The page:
Some years ago, young people who wanted to have some fun on the telephone would make prank calls. A common prank: dialing a number and asking if the answerer had Prince Albert in a can. (Prince Albert is a tobacco product usually sold in a can.) If the respondent said yes, the prankster would say, "Well, you better let him out," laugh and hang up.
Old-fashioned telephone fun is not so common anymore--instead, dialing 976 phone numbers for entertainment is big business. Today, teen-agers can dial-a-garden, dial-a-joke, dial-a-prayer, dial-a-scary story, dial-a-horoscope, dial-a-Santa and dial a wide range of other services.
Today, there are two basic forms of 976 phone fun. One is "interactive," such as party and gab lines, where people talk with one another or a whole group of people on the line. The other is prerecorded phone messages.
In general, high school students say their primary reason for dialing 976 numbers is curiosity.
"Sure, I would call just to find out what they (the messages) said. I think that is definitely why so many kids call--just out of curiosity," said Chris DeBruler, a senior at Guilford High School in Rockford, Ill.
For Tristram Miller, a 17-year-old senior at Laguna Beach High School, dialing 976 numbers is a convenience.
"I call the surf line maybe four times a week to see how the waves are at various beaches," he said. "It's a really good thing because it's a real pain to get to the beach and find no waves whatsoever."
Although accurate statistics cannot be kept on the number of minors who use prerecorded message services, Youth News Service talked with teen-agers nationwide and found two consistent concerns: Many teen-agers are running up large phone bills at their unsuspecting parents' expense, and teen-agers are dialing sexually suggestive message services.
Horror stories about minors running up huge phone bills are not difficult to uncover. One national magazine reported that an Oakland teen-ager ran up a party line phone bill of $4,168.38 in one month. A YNS reporter interviewed a Chicago teen-ager who used message and party lines so often that his parents received a phone bill one month of more than $2,000. Another Chicago teen-ager ran up her mother's phone bill by $1,500 using various phone services.
Missy and Tammy, sisters who attend Sunny Hills High School in Fullerton, used to call the dial-a-horoscope line every day to find out what the stars had in store for them, their boyfriends, their brother and their brother's girlfriend. They weren't aware of the cost--then 90 cents a call--until their parents got the phone bill at the end of the month and put an end to their stargazing.
Dialing prerecorded messages, some of which charge a flat rate ranging from 50 cents to $9.95 a call and some of which charge by the minute, is generally a highly profitable business for both the message sponsor and the local phone company, said Web Chamberlin, spokesman for Chesapeake & Potomac Telephone in Washington. In many states, local phone companies and sponsors split the profits of message services.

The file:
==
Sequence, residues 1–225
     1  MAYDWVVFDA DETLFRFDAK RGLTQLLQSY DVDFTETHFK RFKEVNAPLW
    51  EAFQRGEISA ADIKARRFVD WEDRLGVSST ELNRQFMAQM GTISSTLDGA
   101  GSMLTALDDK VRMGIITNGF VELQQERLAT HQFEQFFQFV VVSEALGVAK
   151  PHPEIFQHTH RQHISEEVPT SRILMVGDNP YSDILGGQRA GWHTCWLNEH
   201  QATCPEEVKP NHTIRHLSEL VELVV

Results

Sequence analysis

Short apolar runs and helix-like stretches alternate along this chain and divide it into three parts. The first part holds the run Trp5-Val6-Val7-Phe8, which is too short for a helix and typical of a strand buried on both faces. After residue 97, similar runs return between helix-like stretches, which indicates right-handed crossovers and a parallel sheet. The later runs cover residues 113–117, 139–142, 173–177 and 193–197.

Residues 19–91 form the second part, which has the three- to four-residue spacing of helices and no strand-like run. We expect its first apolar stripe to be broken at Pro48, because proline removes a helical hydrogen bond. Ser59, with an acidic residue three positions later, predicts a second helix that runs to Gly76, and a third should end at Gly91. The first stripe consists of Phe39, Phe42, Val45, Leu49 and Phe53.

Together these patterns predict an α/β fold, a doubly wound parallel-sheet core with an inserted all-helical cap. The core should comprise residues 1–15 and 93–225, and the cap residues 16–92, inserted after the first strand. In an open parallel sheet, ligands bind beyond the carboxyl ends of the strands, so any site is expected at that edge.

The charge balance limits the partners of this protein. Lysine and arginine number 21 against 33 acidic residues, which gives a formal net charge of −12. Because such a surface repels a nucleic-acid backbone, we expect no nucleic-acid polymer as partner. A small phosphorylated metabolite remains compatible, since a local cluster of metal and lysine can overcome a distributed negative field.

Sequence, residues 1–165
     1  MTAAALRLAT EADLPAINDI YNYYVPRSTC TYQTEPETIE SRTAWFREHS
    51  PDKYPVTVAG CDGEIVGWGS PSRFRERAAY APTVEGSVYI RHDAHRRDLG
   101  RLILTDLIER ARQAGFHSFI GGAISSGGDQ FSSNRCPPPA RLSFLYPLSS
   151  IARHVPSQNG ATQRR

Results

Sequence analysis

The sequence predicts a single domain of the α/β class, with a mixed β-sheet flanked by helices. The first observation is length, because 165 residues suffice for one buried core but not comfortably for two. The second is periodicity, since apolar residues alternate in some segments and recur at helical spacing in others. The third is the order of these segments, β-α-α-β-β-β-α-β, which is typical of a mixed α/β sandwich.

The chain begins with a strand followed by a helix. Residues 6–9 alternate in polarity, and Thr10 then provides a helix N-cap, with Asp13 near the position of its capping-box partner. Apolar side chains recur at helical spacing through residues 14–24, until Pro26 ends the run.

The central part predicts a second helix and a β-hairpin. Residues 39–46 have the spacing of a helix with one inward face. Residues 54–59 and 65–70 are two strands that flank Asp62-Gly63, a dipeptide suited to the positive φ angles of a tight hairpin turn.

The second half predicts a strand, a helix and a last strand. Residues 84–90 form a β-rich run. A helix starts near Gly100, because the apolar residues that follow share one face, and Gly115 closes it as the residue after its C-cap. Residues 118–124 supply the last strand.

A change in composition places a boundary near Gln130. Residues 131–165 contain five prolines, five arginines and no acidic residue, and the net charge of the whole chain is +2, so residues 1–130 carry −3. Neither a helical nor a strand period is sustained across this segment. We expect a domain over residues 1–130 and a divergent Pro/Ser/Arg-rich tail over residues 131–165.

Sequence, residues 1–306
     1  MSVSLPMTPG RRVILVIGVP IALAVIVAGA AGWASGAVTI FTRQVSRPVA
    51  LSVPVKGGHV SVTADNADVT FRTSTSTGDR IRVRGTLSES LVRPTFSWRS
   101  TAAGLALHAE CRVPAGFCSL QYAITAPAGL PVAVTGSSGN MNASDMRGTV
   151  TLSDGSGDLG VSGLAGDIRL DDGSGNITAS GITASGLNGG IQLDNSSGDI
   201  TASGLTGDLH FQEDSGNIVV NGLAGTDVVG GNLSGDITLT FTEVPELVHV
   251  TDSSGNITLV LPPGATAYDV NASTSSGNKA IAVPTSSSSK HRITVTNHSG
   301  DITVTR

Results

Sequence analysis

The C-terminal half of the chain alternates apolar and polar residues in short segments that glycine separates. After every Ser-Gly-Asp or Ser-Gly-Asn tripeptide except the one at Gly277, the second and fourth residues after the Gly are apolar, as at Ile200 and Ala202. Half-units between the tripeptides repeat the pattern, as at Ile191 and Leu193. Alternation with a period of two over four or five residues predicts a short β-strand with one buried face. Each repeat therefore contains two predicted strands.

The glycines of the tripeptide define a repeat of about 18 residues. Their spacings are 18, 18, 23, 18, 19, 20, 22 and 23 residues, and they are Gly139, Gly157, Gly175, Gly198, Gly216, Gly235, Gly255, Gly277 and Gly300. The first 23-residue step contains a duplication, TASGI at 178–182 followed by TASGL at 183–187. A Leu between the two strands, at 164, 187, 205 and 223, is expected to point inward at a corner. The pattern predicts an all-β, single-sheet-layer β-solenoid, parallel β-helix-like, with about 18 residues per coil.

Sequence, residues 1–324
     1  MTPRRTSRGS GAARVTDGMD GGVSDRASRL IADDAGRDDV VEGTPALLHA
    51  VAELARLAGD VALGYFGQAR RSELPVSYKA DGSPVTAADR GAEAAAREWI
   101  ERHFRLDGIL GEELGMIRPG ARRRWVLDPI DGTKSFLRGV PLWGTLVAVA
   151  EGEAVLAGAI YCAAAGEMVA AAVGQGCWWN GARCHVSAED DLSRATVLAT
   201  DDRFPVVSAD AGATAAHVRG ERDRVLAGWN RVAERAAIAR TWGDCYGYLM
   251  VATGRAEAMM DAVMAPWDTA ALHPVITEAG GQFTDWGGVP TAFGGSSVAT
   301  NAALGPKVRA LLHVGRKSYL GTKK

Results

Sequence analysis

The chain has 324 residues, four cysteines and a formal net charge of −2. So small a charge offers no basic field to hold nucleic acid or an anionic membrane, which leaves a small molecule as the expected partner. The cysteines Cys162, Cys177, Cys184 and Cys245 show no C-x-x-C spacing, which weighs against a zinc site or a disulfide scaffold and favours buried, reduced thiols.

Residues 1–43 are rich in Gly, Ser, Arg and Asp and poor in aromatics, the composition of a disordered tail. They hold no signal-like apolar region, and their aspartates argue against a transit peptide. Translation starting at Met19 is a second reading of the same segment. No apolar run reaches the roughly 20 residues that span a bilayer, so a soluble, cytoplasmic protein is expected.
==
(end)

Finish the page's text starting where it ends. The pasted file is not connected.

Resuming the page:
"It doesn't take a lot of capital or assets to get into the market," Chamberlin said. All a sponsor needs is a place to set up the telephone equipment and a mechanism that allows numerous callers to reach the service. The sponsor also must abide by the rules of the local public service commission and the Federal Communications Commission.
Parents have complained to phone companies about their children running up large phone bills without their permission. Local phone companies have responded to parental complaints in a variety of ways. In Washington, for example, a C&P Telephone rule went into effect last summer requiring all 976 phone messages to tell customers the message's cost at the beginning of the call, giving them a chance to hang up without being billed.
An even hotter topic than high phone bills is the fact that young people have access to sex message services that some label pornographic.
One student said someone he knew dialed one such phone service from the teacher's lounge during summer school just to see what it was like.
Brent, who attends El Modena High School, said two years ago that a dial-a-porn service was being contacted every Sunday morning at 7 a.m. by a "phantom" caller on his family's phone line. When his parents confronted their children--Brent, his three older brothers and two younger sisters--all six denied making the calls.
Most of these dial-a-porn services contain the voice of an excited young woman who invites the caller to engage in sex acts with her and then vividly describes the action, the New York Times reported.
No one knows exactly how listening to sex messages affects young people, but most agree that they are detrimental to some degree.
FCC regulations require that any company running an obscene message service must ensure that children under 18 have no access to it through devices such as scramblers, access codes and prepayment by credit card. The FCC, applying a Supreme Court test, considers material to be obscene if it depicts sexual acts in a patently offensive way, appealing to the prurient interest of an average person and lacking serious literary, artistic, political or scientific value.
Pressure from anti-pornography groups and complaints about access by children who run up huge bills listening to pornographic messages has been reducing the areas in which recorded dial-a-porn services may operate.
Joanna Brooks, a senior at Foothill High School, and Stephanie McCurdy, a senior at Laguna Beach High School, contributed to this story.